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Thank you's

(12 Posts)
Modestandatinybitsexy Thu 14-Jan-16 11:42:38

Hi All

I very successfully got married last month [smug face]

DH & I have finished writing thank you cards for everyone who bought us a gift. My quandary now is do I write TY's for people who did not buy gifts?

I have a theory that I wasn't bought gifts from one side of the family as I hadn't invited my DUncle's new GF (who I haven't met) and I invited his ExWife (my Auntie who I've known since I was little, was bringing my cousins and said she felt anxious of new GF and might not come). DU and his sisters (my direct Aunts) were unhappy about this.

It's guest's prerogative whether to gift or not to gift but I was wondering if, in light of the strained situation above, I should send a thank you for coming?

I was happy my family were there, and I don't really mind about the gifts, although I would never not gift when invited to a wedding. Does it seem a bit PA? Should I/shouldn't I?

OP’s posts: |
honeysucklejasmine Thu 14-Jan-16 11:45:37

I wouldn't bother tbh.

AnnaMarlowe Thu 14-Jan-16 11:48:07

I wouldn't. The correct etiquette is that they should send you a thank you for having them.

Given the family disagreement is might also seem a bit PA.

As a compromise why not drop them an email saying how lovely it was to see them and attaching a picture of them on the day (if you have one)

Modestandatinybitsexy Thu 14-Jan-16 12:00:47

Anna I did not know that was the etiquette, how interesting..

It's all really annoying because I didn't even know he had a new GF, DU asked DM if she was invited. DM is friends with DExAuntie and said no, I wasn't aware of the tension until he mentioned it at my wedding! I apologised and told him I'd never met her. What was I supposed to do?!

Family, who'd have 'em?

OP’s posts: |
EdithWeston Thu 14-Jan-16 12:04:58

No. You write thank you letters for presents, and those who've gone above and beyond to provide something for the occasion.

Guests write thank you letters to the official hosts (who would normally pass them on to the marrying couple, if the invitations went out from eg the bride's parents).

If you want to be friendly, you just mention how glad you were to see them the next time you'd be in touch anyhow. You could write/email especially to do that, but it's not a requirement IYSWIM.

AnnaMarlowe Thu 14-Jan-16 12:16:22

He mentioned it at the wedding? shock

How very rude.

Only1scoop Thu 14-Jan-16 12:19:09

Thanks for gift only attendees

Only1scoop Thu 14-Jan-16 12:19:25

Should say thank you cards

Modestandatinybitsexy Thu 14-Jan-16 12:22:09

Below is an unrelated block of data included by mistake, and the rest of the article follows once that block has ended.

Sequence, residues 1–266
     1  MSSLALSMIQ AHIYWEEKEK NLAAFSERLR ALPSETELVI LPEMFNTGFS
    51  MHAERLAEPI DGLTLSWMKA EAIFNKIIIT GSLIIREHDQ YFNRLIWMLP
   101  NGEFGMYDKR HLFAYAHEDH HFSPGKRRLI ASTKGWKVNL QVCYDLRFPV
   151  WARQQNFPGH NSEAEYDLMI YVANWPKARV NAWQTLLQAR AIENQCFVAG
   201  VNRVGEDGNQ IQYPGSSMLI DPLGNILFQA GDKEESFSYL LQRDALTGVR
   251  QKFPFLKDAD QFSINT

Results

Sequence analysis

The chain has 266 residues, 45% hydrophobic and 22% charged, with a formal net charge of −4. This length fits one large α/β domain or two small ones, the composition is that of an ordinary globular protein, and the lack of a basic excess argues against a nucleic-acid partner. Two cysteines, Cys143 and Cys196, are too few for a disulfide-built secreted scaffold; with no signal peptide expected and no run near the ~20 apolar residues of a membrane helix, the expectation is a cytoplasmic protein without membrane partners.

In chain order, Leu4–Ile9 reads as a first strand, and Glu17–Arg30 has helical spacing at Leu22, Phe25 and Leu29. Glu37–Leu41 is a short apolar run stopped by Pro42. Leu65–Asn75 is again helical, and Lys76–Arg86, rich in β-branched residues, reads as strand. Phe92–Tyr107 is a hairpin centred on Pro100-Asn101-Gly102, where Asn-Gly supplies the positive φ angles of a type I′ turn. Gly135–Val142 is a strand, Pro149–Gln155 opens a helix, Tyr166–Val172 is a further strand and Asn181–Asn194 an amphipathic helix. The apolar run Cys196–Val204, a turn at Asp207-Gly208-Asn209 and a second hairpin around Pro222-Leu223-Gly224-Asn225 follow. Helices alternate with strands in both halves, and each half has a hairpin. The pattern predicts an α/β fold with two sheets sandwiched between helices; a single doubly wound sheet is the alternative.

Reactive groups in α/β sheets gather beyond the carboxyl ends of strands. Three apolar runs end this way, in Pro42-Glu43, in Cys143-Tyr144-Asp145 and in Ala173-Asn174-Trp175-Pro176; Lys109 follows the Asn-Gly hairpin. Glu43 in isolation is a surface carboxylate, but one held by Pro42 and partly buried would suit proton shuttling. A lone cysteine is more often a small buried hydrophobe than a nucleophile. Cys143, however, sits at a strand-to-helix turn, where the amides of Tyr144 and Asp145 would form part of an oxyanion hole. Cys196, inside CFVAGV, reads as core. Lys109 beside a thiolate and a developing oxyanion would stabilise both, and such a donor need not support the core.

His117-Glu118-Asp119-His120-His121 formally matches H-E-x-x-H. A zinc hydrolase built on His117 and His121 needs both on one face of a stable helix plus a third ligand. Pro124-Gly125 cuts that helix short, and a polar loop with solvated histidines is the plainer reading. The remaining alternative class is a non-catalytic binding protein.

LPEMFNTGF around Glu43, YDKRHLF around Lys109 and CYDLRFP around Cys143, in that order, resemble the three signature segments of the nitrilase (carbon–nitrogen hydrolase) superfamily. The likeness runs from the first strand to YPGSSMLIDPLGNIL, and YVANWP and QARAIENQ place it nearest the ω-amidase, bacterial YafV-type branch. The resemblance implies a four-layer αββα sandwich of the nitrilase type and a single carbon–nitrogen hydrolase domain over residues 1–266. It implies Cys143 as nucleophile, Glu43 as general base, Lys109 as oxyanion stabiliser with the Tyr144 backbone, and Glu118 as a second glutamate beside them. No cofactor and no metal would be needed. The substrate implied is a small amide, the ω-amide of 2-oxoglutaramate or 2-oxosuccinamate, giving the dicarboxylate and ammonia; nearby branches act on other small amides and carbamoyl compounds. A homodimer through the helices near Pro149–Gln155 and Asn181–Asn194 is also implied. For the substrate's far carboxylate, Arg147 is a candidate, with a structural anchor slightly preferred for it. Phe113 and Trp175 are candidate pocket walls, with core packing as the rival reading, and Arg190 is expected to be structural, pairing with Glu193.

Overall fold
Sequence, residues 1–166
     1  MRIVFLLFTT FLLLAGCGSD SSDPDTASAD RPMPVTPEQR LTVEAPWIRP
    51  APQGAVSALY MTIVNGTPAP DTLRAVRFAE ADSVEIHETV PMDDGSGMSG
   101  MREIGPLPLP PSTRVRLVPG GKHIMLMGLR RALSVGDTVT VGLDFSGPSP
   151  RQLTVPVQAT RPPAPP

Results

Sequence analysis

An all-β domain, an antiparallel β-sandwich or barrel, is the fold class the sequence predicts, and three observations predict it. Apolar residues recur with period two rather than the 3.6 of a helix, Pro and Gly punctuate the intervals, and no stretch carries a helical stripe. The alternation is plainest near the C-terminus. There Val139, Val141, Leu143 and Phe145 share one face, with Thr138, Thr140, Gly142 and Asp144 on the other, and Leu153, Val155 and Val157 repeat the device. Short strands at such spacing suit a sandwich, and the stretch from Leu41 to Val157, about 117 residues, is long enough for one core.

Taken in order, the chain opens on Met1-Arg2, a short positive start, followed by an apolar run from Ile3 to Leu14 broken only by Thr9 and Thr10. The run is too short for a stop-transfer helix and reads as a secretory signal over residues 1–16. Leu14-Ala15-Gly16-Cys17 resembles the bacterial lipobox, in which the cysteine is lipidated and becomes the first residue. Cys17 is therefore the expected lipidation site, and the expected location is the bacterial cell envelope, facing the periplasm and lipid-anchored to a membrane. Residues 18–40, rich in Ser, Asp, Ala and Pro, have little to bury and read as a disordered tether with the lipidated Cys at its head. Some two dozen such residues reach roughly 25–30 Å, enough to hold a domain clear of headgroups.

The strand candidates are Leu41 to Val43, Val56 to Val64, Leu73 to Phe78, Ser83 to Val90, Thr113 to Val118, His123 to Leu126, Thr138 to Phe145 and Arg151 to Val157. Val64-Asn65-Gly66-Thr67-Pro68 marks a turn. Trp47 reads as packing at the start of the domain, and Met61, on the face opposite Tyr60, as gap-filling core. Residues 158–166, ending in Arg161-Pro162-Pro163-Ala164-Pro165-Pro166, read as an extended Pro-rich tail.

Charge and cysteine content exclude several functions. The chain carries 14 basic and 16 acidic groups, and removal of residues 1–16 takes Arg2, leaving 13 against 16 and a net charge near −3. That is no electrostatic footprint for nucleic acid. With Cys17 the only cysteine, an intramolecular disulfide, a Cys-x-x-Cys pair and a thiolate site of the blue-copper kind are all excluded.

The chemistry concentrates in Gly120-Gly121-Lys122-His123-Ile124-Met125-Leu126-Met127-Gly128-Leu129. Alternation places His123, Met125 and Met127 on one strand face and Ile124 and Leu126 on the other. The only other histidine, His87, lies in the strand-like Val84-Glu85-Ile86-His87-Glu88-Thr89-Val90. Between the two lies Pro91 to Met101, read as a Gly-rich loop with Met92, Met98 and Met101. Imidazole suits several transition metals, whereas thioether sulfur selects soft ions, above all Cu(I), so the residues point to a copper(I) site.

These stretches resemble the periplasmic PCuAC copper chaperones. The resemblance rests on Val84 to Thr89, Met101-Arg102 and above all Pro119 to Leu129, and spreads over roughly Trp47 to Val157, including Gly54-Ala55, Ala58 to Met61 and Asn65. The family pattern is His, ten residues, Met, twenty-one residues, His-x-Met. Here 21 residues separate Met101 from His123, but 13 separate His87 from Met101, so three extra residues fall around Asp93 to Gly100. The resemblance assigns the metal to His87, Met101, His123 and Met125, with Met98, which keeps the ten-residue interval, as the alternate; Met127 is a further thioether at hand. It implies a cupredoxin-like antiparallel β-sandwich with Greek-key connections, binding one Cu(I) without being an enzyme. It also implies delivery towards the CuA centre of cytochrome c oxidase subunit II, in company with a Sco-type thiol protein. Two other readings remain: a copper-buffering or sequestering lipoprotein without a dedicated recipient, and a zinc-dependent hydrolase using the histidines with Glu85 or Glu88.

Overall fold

Yeah, my family aren't on speaking terms with social niceties. I'm used to it though..

At least I don't have to feel rude about not writing to them - tbh I'm done in, it's been ages since I hand wrote anything!

The only person close to me not getting one is DB but he got a thank you card in his gift bag for being an utterly terrible usher.

As a wider family we're not that close, I'm wondering how many years months it will be until I actually meet DU's GF.

OP’s posts: |
Helloall1 Fri 15-Jan-16 10:19:10


We wrote a list of everyone who kindly gave us gifts or cards, so we could personalise our thank you cards to mention their specific gifts.

We only sent thank you cards to those people.

I think to attend a wedding and have all meals and drinks provided and not even give a congratulations or thank you card is incredibly rude, so we didn't send cards to those few.

Personal choice though, do what you feel is right.

Congratulations x

Modestandatinybitsexy Fri 15-Jan-16 13:31:59

Hi Hello

We did the same with the list, I quite enjoyed it. Some were a bit repetitive but I liked personalising them.

We paid for the wedding ourselves and because I have a large family on both sides we limited the main meal to immediate family and grandparents only, we even used family members for the wedding party instead of creating issues with extra guests over family.

This meant we could have a slightly more lavish reception with welcome drinks and canapes and we fed everyone with fish and chips in the evening. We saved the first dance and speeches for the evening so I do feel that people only missed out on the main meal.

I think I still worry that people thought it was a bit cheeky, and I don't know how many know DH & I did it all ourselves. My parents are quite well off so I worry that they thought we were scrimping on them.

Still, everyone I spoke to said they had a good time... they're unlikely to say otherwise to my face though..

OP’s posts: |
BackforGood Fri 15-Jan-16 14:37:06


No. You write thank you letters for presents, and those who've gone above and beyond to provide something for the occasion

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